Father’s Day and Mother’s Day can be a nice time for the family to do something special together. But not every child has both a mother and a father present in their lives. This can be a difficult time in school or crèche when they’re making cards or gifts to bring home to their mum or dad, or talking about their families with their class.
There are many reasons for a child to have an absent parent in their life. Couples might have gone their separate ways or one parent might have sadly passed away. Whatever the reason, it’s important to remember that your relationship with your child’s parent can influence how they perceive them throughout their life. It’s important to be open, honest and direct about them as much as possible – especially leading up to Father’s Day or Mother’s Day.
Don’t ignore the holiday
There’s usually quite a bit of hype leading up to Father’s Day and Mother’s Day, so much so that it’s hard to ignore! At the very least it will cause your child to think about their identity and history, so don’t sweep it under the rug. Acknowledge it and talk about it, see what their opinion is on the holiday.
There are many different types of families
In this day and age it’s never been more true that not all families are made up of one mother, one father and children. And (hopefully) this is covered in the school or crèche that your little one is attending. At around three years of age, children stop being ego-centric and start to pay more attention to the world around them. They see other children’s mums and dads collect them from playschool and remember these facts. They may ask questions like ‘Billy has two mums’ or why ‘Molly has no mummy but just a daddy’ or ‘why do I have just a mummy/daddy when Tommy has both?’. At this stage it’s good to be honest and open with your child and explain that although there are differences between families, all families are special.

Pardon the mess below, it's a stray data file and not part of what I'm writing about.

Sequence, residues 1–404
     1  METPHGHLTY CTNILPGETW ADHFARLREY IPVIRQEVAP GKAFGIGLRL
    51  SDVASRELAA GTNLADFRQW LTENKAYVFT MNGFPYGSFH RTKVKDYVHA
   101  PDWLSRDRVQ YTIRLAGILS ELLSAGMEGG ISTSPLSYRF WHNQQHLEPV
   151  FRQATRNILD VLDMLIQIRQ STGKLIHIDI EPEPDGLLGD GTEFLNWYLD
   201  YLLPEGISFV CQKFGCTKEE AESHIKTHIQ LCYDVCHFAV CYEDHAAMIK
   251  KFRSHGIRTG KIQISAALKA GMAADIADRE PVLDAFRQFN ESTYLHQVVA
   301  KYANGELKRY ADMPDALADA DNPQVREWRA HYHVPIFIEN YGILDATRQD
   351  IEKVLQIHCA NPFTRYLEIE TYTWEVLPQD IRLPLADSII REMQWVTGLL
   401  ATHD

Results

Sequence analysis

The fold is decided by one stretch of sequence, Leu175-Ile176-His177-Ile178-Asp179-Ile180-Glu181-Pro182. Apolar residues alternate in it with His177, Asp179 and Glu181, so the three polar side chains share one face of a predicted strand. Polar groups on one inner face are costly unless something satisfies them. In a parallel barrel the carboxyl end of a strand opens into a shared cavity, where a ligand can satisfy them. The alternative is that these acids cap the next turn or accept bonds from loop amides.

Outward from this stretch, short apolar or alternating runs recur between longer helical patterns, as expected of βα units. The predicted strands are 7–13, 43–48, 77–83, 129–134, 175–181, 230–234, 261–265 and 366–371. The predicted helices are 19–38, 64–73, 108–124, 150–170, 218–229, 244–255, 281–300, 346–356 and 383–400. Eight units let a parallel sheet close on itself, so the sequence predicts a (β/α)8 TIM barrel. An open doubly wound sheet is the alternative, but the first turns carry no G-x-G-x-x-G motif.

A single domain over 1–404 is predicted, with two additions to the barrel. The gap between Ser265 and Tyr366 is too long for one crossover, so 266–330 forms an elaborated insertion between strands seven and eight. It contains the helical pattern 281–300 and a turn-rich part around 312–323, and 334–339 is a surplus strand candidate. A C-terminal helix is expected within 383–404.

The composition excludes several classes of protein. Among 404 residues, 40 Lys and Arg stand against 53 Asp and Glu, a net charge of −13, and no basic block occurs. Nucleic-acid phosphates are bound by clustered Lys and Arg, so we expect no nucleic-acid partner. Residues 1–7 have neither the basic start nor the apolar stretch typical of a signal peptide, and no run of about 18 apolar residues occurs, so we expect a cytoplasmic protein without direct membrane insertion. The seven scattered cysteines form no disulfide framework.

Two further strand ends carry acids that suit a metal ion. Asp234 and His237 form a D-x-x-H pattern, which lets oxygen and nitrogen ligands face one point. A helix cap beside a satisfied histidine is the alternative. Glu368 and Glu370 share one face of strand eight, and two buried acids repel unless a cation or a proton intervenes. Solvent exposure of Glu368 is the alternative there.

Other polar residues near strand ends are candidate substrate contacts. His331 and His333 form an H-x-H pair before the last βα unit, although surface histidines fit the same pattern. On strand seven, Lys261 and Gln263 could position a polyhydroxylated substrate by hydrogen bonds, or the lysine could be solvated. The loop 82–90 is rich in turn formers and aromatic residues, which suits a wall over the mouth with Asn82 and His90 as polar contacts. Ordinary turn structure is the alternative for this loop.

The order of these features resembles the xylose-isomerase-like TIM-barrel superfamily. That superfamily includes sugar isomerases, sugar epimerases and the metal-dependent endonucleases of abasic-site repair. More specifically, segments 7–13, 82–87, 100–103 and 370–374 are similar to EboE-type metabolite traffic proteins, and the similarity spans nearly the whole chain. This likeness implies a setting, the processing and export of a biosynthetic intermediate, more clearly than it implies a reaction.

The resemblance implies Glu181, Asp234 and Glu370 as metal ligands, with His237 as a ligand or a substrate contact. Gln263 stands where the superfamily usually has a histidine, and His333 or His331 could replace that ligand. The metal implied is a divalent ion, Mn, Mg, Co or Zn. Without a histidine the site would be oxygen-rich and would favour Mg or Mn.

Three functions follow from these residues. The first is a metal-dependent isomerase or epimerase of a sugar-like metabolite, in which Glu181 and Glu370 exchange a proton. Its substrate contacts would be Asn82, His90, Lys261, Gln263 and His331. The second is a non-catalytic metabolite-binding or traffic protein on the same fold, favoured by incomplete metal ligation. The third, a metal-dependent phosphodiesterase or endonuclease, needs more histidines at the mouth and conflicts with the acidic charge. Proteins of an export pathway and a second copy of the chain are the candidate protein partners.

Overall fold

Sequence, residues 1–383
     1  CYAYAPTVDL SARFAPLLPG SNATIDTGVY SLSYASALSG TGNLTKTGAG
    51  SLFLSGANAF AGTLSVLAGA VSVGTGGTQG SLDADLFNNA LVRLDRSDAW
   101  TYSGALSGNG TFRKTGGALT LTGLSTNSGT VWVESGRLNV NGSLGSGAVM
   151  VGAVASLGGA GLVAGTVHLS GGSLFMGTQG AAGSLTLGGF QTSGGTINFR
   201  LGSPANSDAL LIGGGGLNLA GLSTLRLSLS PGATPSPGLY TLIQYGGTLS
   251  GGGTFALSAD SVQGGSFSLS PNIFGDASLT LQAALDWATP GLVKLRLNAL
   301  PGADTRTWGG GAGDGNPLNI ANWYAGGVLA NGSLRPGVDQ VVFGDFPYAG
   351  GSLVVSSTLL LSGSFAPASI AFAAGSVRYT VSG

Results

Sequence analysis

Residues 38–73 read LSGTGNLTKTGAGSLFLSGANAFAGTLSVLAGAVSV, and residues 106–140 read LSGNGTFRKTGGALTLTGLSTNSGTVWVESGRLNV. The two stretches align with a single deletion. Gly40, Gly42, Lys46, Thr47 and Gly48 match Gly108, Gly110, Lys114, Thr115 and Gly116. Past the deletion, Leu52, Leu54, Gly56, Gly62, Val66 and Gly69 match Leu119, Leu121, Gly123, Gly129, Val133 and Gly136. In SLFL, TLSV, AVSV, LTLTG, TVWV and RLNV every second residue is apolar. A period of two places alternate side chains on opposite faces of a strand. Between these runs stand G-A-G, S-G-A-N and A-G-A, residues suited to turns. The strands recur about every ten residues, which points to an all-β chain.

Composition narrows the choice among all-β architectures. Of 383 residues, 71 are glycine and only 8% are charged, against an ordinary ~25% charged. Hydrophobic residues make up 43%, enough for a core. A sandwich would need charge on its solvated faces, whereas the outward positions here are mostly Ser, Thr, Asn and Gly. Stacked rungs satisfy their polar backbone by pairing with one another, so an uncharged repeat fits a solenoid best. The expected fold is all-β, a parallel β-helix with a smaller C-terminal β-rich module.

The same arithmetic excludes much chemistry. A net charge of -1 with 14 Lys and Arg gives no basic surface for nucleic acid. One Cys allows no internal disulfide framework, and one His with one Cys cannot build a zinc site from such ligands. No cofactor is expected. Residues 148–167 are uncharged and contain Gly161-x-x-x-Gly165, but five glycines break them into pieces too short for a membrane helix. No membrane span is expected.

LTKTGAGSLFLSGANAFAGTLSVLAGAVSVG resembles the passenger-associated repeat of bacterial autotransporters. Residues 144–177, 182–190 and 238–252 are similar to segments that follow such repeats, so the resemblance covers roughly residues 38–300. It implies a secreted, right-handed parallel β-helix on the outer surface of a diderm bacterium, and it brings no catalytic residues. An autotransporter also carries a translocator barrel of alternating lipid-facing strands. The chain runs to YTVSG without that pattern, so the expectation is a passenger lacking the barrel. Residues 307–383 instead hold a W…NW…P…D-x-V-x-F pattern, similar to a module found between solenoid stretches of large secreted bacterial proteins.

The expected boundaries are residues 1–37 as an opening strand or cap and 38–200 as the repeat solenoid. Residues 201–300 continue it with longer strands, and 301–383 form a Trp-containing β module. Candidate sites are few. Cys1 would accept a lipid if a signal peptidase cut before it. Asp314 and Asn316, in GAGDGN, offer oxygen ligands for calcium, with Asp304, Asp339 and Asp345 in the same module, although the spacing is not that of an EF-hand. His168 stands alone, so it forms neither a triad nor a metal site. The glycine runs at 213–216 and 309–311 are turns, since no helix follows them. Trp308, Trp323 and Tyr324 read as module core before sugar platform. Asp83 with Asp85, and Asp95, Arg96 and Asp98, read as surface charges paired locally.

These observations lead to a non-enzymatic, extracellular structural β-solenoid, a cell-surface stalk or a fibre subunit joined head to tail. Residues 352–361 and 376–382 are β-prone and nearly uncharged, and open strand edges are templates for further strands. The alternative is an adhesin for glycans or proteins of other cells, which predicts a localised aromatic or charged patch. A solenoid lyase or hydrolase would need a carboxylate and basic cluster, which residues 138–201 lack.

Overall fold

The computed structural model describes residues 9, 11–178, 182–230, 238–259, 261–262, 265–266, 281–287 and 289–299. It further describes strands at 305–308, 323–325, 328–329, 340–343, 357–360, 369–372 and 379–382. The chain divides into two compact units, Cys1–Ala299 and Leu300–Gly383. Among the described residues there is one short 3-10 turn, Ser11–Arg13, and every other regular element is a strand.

If you have a good relationship with your ex…
…it’s likely that your child’s mum or dad will want to take them out for the special day. In this case, help your child get ready by making a card, or buying a little gift for them to give their mummy or daddy on the day. Make sure to encourage their input on this, and take the time out to do something extra special just for you, after all when you’re with your child you play mum and dad to them!
… but try to keep your own feelings out of it
No doubt you’re mature about the whole thing and have dealt with separation in a healthy way. But it’s still important to keep your feelings about your relationship, separate from the relationship between your ex and your child. You don’t want your child copying your behaviour or attitude to their mum or dad, no matter how things ended between you. Keep everything as open, positive and honest as possible.
If Dad was never in the picture
Again it’s important to approach things in a positive manner, no matter what the situation is. But there’s no point lying to your child. If the person wasn’t a good parent or not even a good person, there’s no need to hide this from your child, but take care of how you say it.
- Acknowledge that your child has a father/mother and talk about them in an honest, fact based manner.
- Approaching it in a positive way will diminish negativity your child may feel at the absence of him in their lives.
If your partner has passed away
This is sad, and can be a painful reminder of loss in your family’s life each year. Although it’s difficult, you should try and look at the day as a celebration of their lives, and how they were as a mother or father. You could go to their favourite restaurant, or cook their favourite meal and share some nice memories of them together.